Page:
Republished courtesy of the National Post
by Tom Bradley
‘This time is different.’
These are the four most expensive words in investing. That’s because whatever seemingly unique situation we’re going through is not all that different from what the economy and markets have already experienced. In other words, most ‘secular’ trends are just ‘cyclical.’ Things that are way above or below the long-term trend eventually revert to the mean.
But really? Isn’t this time different? We’ve never had anyone like Trump before. Surely Brexit is a once in a lifetime disruption. And how often do we see the world’s biggest trading nations fighting like children?
Our firm is driven by bottom up research (company by company) rather than macro analysis, but we keep a live dashboard of issues that could impact our clients’ returns going forward. Valuation is at the core of it, but we also monitor a range of cyclical and secular trends.
I recently talked about two of the most important ones in client presentations across the country. Surprising to some, I didn’t focus on Trump, Brexit and trade. Policy announcements and tweets on these issues still cause markets to jump, and they certainly have the potential to impact economic and profit growth. But in my view, they’ve moved into the ‘not different’ category. We will muddle through each of them and their negative impact is waning.
Rather, my presentation highlighted two forces that are often overlooked by investors and yet arguably, will have a bigger impact on returns.
We have been living in an over-stimulated economy for many years now. Despite experiencing one of the longest growth cycles in history, governments continue to run recession-like deficits and our ‘data driven’ central banks have kept interest rates at levels normally reserved for an economic crisis. In a decade of record auto sales, rising real estate prices, overbooked restaurants, and three or four new smartphones per person, we continued to binge on debt.
Massive monetary and fiscal stimulation were needed to get us through the debt crisis ten years ago, but we got hooked. Last week it was reported that consumer debt as a percentage of disposable income hit a new high in Canada. And governments in Toronto, Ottawa and Washington continue to run large deficits. The world carries a heavier debt load today (relative to incomes and size of economy) than it did before the 2007-08 debt crisis.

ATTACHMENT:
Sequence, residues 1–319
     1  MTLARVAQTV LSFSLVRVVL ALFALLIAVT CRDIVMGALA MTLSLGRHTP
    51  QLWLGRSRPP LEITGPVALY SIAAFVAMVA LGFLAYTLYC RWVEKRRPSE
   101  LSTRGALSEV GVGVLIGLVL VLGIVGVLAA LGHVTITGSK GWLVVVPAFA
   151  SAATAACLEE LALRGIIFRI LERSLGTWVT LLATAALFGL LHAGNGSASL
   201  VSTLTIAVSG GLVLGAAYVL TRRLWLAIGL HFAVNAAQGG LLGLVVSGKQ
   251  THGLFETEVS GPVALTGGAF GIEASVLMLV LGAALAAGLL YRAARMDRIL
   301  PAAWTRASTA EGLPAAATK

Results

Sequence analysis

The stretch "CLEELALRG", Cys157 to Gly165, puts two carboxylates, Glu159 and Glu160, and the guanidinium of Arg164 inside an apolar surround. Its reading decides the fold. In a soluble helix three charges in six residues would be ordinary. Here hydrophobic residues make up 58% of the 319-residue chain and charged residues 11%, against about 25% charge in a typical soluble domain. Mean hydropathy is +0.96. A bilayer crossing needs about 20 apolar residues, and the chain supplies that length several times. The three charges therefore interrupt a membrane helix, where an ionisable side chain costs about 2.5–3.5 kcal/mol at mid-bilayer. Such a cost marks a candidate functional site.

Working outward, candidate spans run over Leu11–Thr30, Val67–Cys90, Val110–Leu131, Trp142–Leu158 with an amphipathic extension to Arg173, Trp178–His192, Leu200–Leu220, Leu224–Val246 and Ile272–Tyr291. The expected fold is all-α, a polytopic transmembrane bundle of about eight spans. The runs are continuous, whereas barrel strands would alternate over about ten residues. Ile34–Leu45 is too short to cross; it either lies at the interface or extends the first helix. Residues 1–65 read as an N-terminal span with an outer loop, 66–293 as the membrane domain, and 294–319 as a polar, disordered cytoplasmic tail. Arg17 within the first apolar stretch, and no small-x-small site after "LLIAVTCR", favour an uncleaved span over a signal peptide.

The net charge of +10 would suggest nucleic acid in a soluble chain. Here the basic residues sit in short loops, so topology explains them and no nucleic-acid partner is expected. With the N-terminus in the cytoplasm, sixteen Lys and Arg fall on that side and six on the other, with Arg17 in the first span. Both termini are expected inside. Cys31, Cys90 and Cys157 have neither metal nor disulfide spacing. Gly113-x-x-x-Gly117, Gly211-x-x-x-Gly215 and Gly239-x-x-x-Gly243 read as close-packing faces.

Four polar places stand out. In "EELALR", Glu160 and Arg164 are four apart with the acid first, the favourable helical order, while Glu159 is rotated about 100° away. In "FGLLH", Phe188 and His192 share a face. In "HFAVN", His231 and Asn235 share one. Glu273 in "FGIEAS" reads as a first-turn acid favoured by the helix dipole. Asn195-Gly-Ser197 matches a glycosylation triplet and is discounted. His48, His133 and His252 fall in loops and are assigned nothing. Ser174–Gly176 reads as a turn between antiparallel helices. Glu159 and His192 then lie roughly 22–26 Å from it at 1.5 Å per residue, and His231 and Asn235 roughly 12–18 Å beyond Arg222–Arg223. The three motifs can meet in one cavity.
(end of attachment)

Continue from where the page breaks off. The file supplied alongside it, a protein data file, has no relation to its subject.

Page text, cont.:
This factor is flashing on my dashboard because it can’t go on indefinitely. At some point, the pace of debt growth must slow or reverse, and with it will come less economic activity and a dramatically different attitude toward consumption and investing.
Expanding middle class
While we live in our debt-laden cocoon in western countries, however, we need to remember that there’s a big, dynamic world out there. Indeed, a vast majority of the 7.5 billion people on the planet live in regions that are growing. And more importantly, the middle class in India, China and other parts of Asia is expanding rapidly.
According to Consensus Economics, 12 per cent of India’s population was middle class in 2017. By 2030, the percentage is expected to be close to 80 per cent. Think about it — there will be an additional 350-500 million people in India alone who might buy an appliance, subscribe to a streaming service or take a vacation. Even if the number is 50 to 60 per cent, the potential is incredible for global sellers of products and services.
In recent years, many investors have been surprised that stock markets went higher in the face of a chaotic political landscape. These two macro trends go a long way to explaining why.
Cheap and plentiful credit pulled future consumption forward to present day and importantly, encouraged risk taking in the capital and real estate markets. Meanwhile, countries outside of the western world provided an extra shot of growth.
One of these trends is likely to come to a jolting end. The debt cycle won’t be different this time. It will end with higher defaults and more restrictive credit policies.
The other, a steady shift of economic power from the west to the east, is a more sustainable trend. Indeed, the growing middle class is going to become an even bigger force going forward.
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